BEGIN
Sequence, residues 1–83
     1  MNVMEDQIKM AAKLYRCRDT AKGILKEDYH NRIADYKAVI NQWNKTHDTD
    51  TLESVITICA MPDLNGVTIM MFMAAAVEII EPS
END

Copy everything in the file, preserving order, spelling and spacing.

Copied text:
Sequence, residues 1–83
     1  MNVMEDQIKM AAKLYRCRDT AKGILKEDYH NRIADYKAVI NQWNKTHDTD
    51  TLESVITICA MPDLNGVTIM MFMAAAVEII EPS